The United States Treasury Bill is enjoying its fifteen minutes of fame as interest rates soar. The T-Bill currently pays more than 5.5%, so should you T-Bill and chill?
Growing up, I often went to First Interstate Bank with my mom to cash checks, make deposits, or withdraw money. Our visits were pre-everything, so we had to enter the lobby, and I remember signs and posters touting T-Bills. The rates were attractive because this was during the inflation-fueled days of the 1970s, but I was too young to realize that inflation was destroying their actual return.
The T-Bill is outperforming most stocks in the S&P 500 this year. There are 315 companies, or 63%, in the index earning less than 5.50%. The T-Bill is also beating the Dow Jones Industrial Average.
The full faith and credit of the United States Government back the T-Bill. It’s guaranteed, and they have zero default risk if you hold it to maturity. It is considered the safest investment in the world and has never lost money since 1926. If it is paying 5.50%, guaranteed, why wouldn’t you put all your money in this vital asset class? A $1 million investment can pay you $55,000, not bad.
However, interest rates fluctuate, and from 2008 to 2016, the one-month T-Bill paid less than 0.25% and earned 0.00% on several occasions. During COVID, it yielded less than 0.07%, and 0.00% was the norm. T-bills can also offer double-digit rates as they did in the 1970s and early 1980s. In 1981, earning more than 14% was possible.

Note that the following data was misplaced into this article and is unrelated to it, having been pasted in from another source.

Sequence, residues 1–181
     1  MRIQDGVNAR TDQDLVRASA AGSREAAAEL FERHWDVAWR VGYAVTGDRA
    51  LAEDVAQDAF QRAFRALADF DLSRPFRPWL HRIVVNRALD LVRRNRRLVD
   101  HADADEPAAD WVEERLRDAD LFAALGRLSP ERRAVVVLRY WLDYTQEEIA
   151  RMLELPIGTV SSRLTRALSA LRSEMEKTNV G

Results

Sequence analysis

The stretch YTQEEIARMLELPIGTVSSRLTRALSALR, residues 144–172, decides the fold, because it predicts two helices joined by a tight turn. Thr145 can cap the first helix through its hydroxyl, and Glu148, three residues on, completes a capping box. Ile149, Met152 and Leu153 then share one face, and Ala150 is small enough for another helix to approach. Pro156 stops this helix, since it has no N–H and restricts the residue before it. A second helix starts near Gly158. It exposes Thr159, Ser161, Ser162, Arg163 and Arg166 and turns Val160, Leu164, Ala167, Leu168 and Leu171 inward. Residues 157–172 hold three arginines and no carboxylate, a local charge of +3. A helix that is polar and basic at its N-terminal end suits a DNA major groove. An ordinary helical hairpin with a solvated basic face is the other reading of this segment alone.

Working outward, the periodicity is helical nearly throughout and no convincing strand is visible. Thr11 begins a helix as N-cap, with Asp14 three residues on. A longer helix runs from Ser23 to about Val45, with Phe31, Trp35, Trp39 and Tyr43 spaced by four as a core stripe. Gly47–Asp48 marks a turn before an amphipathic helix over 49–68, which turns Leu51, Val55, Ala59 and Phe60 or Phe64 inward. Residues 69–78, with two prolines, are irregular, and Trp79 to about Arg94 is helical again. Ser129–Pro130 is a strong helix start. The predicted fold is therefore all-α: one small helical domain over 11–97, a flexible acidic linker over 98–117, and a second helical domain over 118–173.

Treasury Bills track inflation. Since 1926, they averaged 3.25% annually, but inflation averaged 2.95%, so your net return was 0.30% before taxes. Over the past decade, T-Bills returned 1% annually, and inflation averaged 2.76%, so you lost 1.76% every year. The S&P 500 averaged 12.81% this past decade and 10.24% for the past 97 years.
A T-Bill is a valuable short-term investment if you need money in one year or less or it’s required to meet an obligation like buying a new car or paying tuition, but it’s a poor choice for the long haul. Buy stocks if your time frame is three to five years or more.
I understand the craving for a safe, secure investment paying more than 5%, especially after the volatility of stocks over the past five years. Despite the periodic losses in 2018, 2020, and 2022, the S&P 500 averaged 10.34% annually, compared to the T-Bill return of 1.58% per year.
Safety is in the eye of the beholder.
A 10% decline in the market is fairly common—it happens about once a year. Investors who realize this are less likely to sell in a panic and more likely to remain invested, benefitting from the wealth building power of stocks. ~ Christopher Davis
October 7, 2023
Bill Parrott, CFP®, is the President and CEO of Parrott Wealth Management in Austin, Texas. Parrott Wealth Management is a fee-only, fiduciary, registered investment advisor firm. Our goal is to remove complexity, confusion, and worry from the investment and financial planning process so our clients can pursue a life of purpose. Our firm does not have an asset or fee minimum, and we work with anybody who needs financial help regardless of age, income, or asset level.
Note: Investments are not guaranteed and do involve risk. Your returns may differ from those posted in this blog. PWM is not a tax advisor, nor do we give tax advice. Please consult your tax advisor for items that are specific to your situation. Options involve risk and aren’t suitable for every investor. Prices and yields are for today only and are subject to change without notice. Past performance is not a guarantee of future performance.
 DFA Returns Web 1926 – September, 2023